Buy in the cheapest? Yes; but what made your market cheap? Charcoal may be cheap among your roof timbers after fire and bricks may be cheap after an earthquake; but fire and earthquake may not therefore be national benefits.” (10)

In place of competition Ruskin called for the just pricing of work. He saw the competitive system as acting in the following way: If the two men have underbid each other and one gets the job at half the price, then the employer now has the wealth and the power to employ someone else at half price through the same process. The result is that two men are unemployed and two men are underpaid and in the hand of one powerful employer. If however the employer had given a fair price the situation would be different;

“By the just procedure the whole price of the first piece of work goes into the hands of the man who does it. The final result will be that one man works for the employer at the just price; one for the workman at half price, with the same amount of employ…the universal and constant action of justice in this matter is therefore to diminish the power of wealth in the hands of one individual over the masses of men.” (11)

This would also create opportunities for workers to better themselves through the improvement in the quality of their work and thus rise in the social scale. It was through this that society would become likened to that organisation of nature with each individual part acting within a unified whole and not as two conflicting elements of rich and poor. This is how society could TRULY evolve. This fitted closely with the slogan he had earlier coined in “Modern Painters” and that he repeated here;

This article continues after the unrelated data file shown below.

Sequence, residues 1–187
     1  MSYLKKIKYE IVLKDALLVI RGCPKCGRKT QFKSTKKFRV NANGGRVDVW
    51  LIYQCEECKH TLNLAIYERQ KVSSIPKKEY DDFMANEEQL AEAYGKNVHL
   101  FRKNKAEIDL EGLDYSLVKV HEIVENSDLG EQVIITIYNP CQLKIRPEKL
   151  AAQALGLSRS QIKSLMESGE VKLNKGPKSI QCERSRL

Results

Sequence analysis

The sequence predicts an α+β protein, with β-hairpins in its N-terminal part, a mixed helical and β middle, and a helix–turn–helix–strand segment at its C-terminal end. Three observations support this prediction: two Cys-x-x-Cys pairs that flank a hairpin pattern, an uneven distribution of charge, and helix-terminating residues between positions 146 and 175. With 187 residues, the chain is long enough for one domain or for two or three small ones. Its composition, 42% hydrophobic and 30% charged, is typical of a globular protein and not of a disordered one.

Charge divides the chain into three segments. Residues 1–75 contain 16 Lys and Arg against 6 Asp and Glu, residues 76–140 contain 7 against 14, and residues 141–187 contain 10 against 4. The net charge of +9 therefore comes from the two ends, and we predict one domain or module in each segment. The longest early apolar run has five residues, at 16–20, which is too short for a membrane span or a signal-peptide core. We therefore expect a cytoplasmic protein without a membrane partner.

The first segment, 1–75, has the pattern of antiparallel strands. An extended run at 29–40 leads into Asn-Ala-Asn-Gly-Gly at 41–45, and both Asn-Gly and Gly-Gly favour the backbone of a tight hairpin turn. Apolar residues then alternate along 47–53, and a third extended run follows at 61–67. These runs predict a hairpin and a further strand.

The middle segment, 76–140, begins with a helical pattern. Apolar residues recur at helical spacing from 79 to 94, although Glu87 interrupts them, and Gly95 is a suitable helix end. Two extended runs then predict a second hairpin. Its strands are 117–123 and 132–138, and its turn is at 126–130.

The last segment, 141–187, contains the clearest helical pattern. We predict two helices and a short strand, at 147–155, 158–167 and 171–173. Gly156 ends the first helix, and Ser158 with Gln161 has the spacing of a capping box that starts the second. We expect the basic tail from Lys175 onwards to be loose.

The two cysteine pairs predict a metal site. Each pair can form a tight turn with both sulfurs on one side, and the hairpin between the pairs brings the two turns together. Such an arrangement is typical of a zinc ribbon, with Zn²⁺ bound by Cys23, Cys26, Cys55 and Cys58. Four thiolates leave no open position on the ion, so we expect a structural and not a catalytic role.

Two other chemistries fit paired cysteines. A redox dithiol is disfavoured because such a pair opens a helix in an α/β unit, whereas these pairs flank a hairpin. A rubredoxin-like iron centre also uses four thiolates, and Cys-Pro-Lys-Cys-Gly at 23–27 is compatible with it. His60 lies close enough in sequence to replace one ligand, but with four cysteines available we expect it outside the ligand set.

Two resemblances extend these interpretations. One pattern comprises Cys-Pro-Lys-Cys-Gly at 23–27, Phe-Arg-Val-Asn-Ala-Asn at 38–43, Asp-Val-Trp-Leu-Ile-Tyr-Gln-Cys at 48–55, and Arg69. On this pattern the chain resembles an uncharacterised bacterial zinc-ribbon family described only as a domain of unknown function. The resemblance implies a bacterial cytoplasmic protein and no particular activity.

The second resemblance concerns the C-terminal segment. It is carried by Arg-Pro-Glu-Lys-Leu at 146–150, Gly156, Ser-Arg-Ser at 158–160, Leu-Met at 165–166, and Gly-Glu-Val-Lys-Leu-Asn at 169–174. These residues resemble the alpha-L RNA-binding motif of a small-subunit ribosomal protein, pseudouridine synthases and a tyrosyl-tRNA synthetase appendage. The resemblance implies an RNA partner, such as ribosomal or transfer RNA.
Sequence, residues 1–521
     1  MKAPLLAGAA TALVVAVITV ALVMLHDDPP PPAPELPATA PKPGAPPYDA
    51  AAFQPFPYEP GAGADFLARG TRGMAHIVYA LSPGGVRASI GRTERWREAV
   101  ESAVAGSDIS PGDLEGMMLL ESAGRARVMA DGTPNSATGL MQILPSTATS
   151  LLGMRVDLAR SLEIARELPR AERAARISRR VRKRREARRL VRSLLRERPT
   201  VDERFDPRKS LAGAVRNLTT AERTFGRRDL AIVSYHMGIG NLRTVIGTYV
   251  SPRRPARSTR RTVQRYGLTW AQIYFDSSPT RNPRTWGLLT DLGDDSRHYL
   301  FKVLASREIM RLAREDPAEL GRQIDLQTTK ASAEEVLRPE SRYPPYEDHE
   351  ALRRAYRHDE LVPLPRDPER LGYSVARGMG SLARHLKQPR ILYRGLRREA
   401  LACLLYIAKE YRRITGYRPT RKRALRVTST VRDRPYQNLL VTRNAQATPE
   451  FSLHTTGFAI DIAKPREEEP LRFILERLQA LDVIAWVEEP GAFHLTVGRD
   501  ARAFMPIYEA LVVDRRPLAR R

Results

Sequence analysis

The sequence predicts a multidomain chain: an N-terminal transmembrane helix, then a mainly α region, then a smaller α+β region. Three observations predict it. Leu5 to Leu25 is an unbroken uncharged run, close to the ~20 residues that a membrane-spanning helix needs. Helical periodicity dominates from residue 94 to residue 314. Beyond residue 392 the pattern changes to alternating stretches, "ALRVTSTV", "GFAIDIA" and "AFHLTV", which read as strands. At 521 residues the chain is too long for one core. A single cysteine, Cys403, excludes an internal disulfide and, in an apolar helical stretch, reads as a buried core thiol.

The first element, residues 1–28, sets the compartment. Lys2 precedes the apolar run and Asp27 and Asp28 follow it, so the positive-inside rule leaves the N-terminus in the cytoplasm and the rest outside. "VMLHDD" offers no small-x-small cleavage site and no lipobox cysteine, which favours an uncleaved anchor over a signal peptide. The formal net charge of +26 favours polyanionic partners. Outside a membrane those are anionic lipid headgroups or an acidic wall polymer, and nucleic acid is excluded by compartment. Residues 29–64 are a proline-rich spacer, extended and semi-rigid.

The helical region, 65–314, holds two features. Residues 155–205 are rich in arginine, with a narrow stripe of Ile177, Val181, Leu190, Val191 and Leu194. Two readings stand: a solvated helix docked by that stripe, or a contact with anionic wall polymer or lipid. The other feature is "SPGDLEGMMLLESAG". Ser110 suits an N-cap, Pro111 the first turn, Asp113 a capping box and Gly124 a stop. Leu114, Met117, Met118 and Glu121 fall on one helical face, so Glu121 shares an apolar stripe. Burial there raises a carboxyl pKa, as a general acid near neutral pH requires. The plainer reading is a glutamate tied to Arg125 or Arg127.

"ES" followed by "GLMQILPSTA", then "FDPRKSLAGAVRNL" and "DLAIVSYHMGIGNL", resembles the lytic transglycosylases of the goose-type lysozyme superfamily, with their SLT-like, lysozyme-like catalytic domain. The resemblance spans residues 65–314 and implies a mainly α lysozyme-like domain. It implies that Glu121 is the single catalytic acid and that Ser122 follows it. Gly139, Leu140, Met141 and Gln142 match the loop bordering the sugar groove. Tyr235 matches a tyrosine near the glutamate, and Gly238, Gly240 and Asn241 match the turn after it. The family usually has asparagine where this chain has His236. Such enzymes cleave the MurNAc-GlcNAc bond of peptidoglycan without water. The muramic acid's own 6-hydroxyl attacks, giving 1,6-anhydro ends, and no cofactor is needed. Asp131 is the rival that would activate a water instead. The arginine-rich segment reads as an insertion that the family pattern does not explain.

“GOVERNMENT AND COOPERATION ARE IN ALL THINGS THE LAWS OF LIFE; ANARCHY AND COMPETITION ARE THE LAWS OF DEATH”(12)

His final section of “Unto this Last” concluded all he had tried to convey from early on in his life. His argument was that true wealth was not merely a accumulation of money, but it was life itsef, as he wrote, “…the prosperity of any nation is in exact proportion to the quantity of labour it spends in employing means of life.”(13) The God to follow was the God of life and of natural unity NOT Mammon or individualism. One should be inspired by nature and life as opposed to materialism. Only this way, through justice, honesty, truth and nature etc. could man come closer to the truth of God and divine beauty. If society could be reformed in this way it would in turn produce great art which would reflect back to sustain the greatness of that society.

Unlike “The Nature of the Gothic”, “Unto this Last” was not immediately received well but via the likes of William Morris it was to take on the form of active Socialism in the late part of the 19th Century and was to inspire many who would go on to form Socialist groups, Independent Labour Parties and even a kind of Socialist religion and many of the issues he raised can be found littered throughout contemporary, 21st Century discourse.

1. quote taken from “John Ruskin – the argument of the eye” by Robert Hewison
2. Ruskin could see the logic of Geologists and was not religiously blind so as to ignore this. This caused him great internal conflict as he wrote “If only those geologists would let me alone, I could do very well, but those dreadful hammers! I hear the clink of them at the end of every cadence of bible verses.” - argument of the eye p122
3. Ruskin struck up friendship with Thomas Carlyle who was one of his influences. This quote taken from ‘argument of the eye’ p123
4. from ‘Unto this Last and other writings’ published by Penguin pp84&87. Within ‘The Nature of the Gothic’.
5. as above p85
6. as above p87
7. as above p85
8. as above p94
9. from the ‘argument of the eye’ p139
10. from ‘Unto this Last’ p170
11. as above p187
12. as above p196
13. as above p203